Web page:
Have you ever run your finger along the face, or edge, of a prop and felt a pitted area? If you have, then you know what cavitation can do to a prop. Given enough use, that pitting will only get deeper and you will end having to replace the prop. The causes of cavitation have always been somewhat of a mystery to us, so we asked the experts at PowerTech! to give us the technical explanation for this phenomenon.
With your prop turning 4000 rpms how are you to know if you have power-robbing and prop-damaging cavitation?
Cavitation very commonly occurs on damaged, or imperfect, propellers and can occur if an attempt is made to transmit too much power through the prop. At high rotating speeds or under heavy load (with high blade lift coefficient), the pressure on the inlet side of the blade can drop below the vapor pressure of the water, resulting in the formation of a pocket of vapor, which can no longer effectively transfer force to the water.
In my manner of thinking, cavitation could be defined as the phenomenon of the formation, rapid collapse, and subsequent implosion of vapor bubbles of a flowing liquid in a region where the pressure of the liquid falls below its vapor pressure. As these bubbles collapse, energy is released in the form of a shock wave that can, and often does, damage the surface of the material in question (Stretching the analogy to a screw, you might say the water thread 'strips'.)
The true cause of cavitation can arise from several factors, but we see them occur most often, as a result of leading edge imperfections, such as, nicks, dings, scratches, bends, etc.. That said, they can, also, be caused by improper geometry, or upstream imperfections related to the hull, such as, hull design/configuration, hull imperfection, incorrectly installed accessories/appendages, etc.. Since there are so many possible causes, diagnosing the problem should really be done on a per case basis.
This drawing show where cavitation can occur. 1. Generated cavitations 2. Cavitations coved backside of the propeller 3. Cavitations vanish away from propeller. 4. Turn 5. Ship's driving direction 6. Water stream based on a propeller.
Cavitation wastes energy, makes the propeller "noisy" as the vapor bubbles collapse, and most seriously, erodes the prop’s surface due to localized shock waves against the blade surface.
A similar, but quite separate issue is ventilation, which takes place when air is introduced to water around, or to the water flow fed to, a propeller. This can be caused by a number of different sources, such as, porting, over-and-thru hub propellers, tunnel hulls, extreme motor elevation, excessively high trim angles, stepped hulls, or even hull appendages (transducers, pick-ups, and the like). As the propeller meets the aerated water, the water's flow attachment to the propeller's respective working surfaces, is detached. As the water detaches, the propeller's loading is reduced, and the torque applied to the propeller through the shaft can more easily spin the propeller to a much higher rpm even at the same given power input. This, not only, causes the motor to rev easily, but it reduces the thrust provided by the propeller, slowing the boat's speed and/or acceleration, as well as, reducing the propeller's control over the boat (blow out on turning, on holeshot, etc.).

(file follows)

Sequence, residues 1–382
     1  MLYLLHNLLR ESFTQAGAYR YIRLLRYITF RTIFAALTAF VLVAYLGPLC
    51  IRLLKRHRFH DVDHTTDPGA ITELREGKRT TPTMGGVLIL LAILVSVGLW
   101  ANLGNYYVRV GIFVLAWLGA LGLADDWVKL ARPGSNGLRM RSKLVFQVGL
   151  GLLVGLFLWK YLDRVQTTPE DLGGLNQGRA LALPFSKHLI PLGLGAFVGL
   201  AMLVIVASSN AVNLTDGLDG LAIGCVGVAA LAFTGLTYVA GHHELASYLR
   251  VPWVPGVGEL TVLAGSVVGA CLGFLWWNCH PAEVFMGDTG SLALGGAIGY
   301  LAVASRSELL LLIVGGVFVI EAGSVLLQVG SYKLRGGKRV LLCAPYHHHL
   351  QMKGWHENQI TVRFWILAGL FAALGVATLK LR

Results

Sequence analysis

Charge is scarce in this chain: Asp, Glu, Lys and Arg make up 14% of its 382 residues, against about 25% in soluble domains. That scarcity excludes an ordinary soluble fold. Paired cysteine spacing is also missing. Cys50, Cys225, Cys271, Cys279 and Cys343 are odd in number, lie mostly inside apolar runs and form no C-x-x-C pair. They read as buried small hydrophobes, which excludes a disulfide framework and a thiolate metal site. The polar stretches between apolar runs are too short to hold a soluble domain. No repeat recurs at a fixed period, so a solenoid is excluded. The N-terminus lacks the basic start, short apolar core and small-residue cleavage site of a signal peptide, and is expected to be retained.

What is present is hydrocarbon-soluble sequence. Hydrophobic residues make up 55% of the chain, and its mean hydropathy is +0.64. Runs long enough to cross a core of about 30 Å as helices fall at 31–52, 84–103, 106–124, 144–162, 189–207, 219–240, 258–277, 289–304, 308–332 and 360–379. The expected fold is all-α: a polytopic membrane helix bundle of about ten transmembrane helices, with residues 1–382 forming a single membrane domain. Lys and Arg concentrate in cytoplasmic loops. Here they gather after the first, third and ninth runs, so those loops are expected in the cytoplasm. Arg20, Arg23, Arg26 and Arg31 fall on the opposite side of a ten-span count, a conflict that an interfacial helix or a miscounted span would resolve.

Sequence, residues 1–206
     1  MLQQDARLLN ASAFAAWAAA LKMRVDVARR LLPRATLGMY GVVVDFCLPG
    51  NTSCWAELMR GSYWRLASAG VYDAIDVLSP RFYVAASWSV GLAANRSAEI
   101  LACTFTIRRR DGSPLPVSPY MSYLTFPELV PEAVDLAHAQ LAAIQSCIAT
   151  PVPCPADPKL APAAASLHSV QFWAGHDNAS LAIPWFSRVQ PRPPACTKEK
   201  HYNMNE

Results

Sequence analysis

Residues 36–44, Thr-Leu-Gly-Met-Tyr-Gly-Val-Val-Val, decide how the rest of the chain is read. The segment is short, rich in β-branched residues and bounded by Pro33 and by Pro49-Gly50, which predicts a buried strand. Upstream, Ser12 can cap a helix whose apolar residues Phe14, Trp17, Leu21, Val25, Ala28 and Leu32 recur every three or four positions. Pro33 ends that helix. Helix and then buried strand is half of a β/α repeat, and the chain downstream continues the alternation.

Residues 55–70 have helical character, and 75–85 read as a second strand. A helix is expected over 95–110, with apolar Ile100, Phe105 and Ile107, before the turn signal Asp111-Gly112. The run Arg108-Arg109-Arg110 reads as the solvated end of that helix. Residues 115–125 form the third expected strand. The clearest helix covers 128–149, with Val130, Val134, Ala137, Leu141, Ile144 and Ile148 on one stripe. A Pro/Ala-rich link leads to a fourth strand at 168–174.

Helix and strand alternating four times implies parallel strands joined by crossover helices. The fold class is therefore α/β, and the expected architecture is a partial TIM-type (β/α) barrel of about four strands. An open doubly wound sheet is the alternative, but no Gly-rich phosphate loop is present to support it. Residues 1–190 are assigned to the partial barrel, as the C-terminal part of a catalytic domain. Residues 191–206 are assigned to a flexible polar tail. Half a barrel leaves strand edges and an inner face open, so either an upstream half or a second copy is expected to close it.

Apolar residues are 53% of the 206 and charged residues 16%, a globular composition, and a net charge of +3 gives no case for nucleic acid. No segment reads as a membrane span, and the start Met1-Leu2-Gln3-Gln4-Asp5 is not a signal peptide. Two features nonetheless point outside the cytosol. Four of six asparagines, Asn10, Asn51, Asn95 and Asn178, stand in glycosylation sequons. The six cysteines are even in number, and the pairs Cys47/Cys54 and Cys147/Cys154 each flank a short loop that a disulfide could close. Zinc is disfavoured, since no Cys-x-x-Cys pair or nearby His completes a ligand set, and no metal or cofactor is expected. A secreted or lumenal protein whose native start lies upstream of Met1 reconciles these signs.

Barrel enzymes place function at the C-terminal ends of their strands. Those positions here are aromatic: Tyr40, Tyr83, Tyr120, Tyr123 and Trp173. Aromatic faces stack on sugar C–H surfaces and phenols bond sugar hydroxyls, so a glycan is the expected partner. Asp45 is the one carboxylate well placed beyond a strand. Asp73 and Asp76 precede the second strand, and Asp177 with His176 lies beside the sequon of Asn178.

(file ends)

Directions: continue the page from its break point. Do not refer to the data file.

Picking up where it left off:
Cavitation can even occur in PWC water pump blades.
Specifically what happens in cavitation is this: Vapor gases evaporate into the cavity from the surrounding medium; thus, the cavity is not a perfect vacuum, but has a relatively low gas pressure. Such a low-pressure cavitation bubble in a liquid begins to collapse due to the higher pressure of the surrounding medium. As the bubble collapses, the pressure and temperature of the vapor within increases.
Flow direction is from right before to left away. The propeller rotates counter-clockwise. Note air bubbles which cause the prop damage.
The bubble eventually collapses to a minute fraction of its original size, at which point the gas within dissipates into the surrounding liquid via a rather violent mechanism, which releases a significant amount of energy in the form of an acoustic shock wave and as visible light. At the point of total collapse, the temperature of the vapor within the bubble may be several thousand Kelvin, and the pressure several hundred atmospheres.
Cavitation can significantly damage moving parts, and is usually an undesirable phenomenon. It is specifically avoided in the correct design of props and that is why prop fabrication and prop repair must be relegated to the experts.
If you have questions about cavitation or need help with your propeller installations, contact the experts at Powertech!
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